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Home  |   Our Work  |   Research and Education  |   How Plastics Affect Birds

How Plastics Affect Birds

If you’ve ever walked the beaches after a winter storm, you can see the remnants of our “throw it away” society.

albatross_plastics_midway

Bits of plastic debris litter the shore: bottle caps, toys, cigarette lighters, fishing line and other garbage. Scientists are now documenting how this surge of plastic trash leaves a wake of death and disease that directly affects seabirds.

In many areas of the globe, birds inadvertently feed on plastic floating on the water, mistaking it for food, and many times this ingestion leads to death and even the death of their young. A report by scientists studying the stomach content of Laysan Albatross chicks on Midway Atoll in the Pacific Ocean revealed disturbing results: Forty percent of Laysan Albatross chicks die before fledging. Necropsies of the chick's stomachs found them filled with plastic trash. (See photo to right of Laysan Albatrosses nesting among plastic debris on Midway Atoll)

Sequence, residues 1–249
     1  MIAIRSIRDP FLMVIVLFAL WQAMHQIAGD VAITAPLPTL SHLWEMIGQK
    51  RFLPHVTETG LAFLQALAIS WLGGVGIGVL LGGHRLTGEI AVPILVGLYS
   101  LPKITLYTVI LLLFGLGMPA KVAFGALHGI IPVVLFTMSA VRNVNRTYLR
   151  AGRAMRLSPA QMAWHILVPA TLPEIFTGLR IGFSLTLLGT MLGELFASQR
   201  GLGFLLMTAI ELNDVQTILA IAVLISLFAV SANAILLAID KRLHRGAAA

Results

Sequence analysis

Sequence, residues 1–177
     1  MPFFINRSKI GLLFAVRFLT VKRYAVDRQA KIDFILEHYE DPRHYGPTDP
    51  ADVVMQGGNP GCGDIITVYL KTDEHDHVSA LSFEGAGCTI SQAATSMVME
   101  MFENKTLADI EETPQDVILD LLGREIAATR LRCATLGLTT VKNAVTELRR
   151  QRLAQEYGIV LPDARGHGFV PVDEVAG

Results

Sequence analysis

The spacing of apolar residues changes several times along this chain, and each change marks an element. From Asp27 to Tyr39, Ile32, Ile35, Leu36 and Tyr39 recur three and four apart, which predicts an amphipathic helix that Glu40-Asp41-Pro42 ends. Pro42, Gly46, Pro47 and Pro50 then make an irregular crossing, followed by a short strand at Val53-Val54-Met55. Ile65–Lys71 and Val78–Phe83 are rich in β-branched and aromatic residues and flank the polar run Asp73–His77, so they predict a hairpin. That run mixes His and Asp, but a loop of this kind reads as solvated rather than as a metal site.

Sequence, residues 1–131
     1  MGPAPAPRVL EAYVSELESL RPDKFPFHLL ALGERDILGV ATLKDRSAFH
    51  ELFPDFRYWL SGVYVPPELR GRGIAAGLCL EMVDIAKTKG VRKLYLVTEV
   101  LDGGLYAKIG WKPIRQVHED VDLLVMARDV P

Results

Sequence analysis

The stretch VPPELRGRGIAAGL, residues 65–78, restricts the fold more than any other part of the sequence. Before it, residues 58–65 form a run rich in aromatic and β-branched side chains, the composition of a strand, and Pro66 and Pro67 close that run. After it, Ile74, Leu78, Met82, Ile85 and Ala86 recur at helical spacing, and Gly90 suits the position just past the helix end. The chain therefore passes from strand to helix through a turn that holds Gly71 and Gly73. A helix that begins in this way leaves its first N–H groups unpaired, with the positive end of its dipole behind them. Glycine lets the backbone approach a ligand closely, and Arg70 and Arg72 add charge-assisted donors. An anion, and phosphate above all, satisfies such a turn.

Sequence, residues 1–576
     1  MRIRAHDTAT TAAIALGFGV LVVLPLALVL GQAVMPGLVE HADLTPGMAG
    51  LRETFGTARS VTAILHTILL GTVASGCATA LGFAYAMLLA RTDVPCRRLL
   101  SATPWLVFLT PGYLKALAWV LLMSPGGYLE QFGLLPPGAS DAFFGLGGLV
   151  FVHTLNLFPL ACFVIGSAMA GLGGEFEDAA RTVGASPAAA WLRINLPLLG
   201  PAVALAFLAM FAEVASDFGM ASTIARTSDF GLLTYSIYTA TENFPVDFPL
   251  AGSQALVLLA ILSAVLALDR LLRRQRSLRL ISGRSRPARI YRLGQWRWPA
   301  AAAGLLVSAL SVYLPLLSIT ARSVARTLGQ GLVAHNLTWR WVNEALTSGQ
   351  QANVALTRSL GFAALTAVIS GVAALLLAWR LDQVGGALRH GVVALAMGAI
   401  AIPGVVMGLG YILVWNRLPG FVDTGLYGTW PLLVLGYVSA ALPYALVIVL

The global oil spill is plastic

Large plastic detritus such as bottles and packaging has well-known effects on sea life, strangling birds and fish and transporting alien species to new waters. Millimeter-sized plastic pellets-the building blocks of larger products-clog U.S. harbors and soak up toxic chemicals from seawater, poisoning the creatures that swallow them.

Because plastic pellets are magnets for toxic chemicals like DDT and PCBs, they effectively become poison pills. Japanese researchers found that concentrations of these chemicals were as much as a million times higher than in the water. Plastics themselves can leach endocrine-disrupting chemicals like biphenyl.

Especially lethal is discarded fishing gear. Millions of tons of cut line, lines with hooks, and nets litter our oceans causing cause slow, painful deaths to everything from tiny seabirds to whales. Many of the birds that come to International Bird Rescue's rehabilitation centers are impacted by fishing line and hooks, having ingested and/or been debilitated by carelessly discarded monofilament line that has wrapped around their limbs and wings.

What we know:


What we all can do: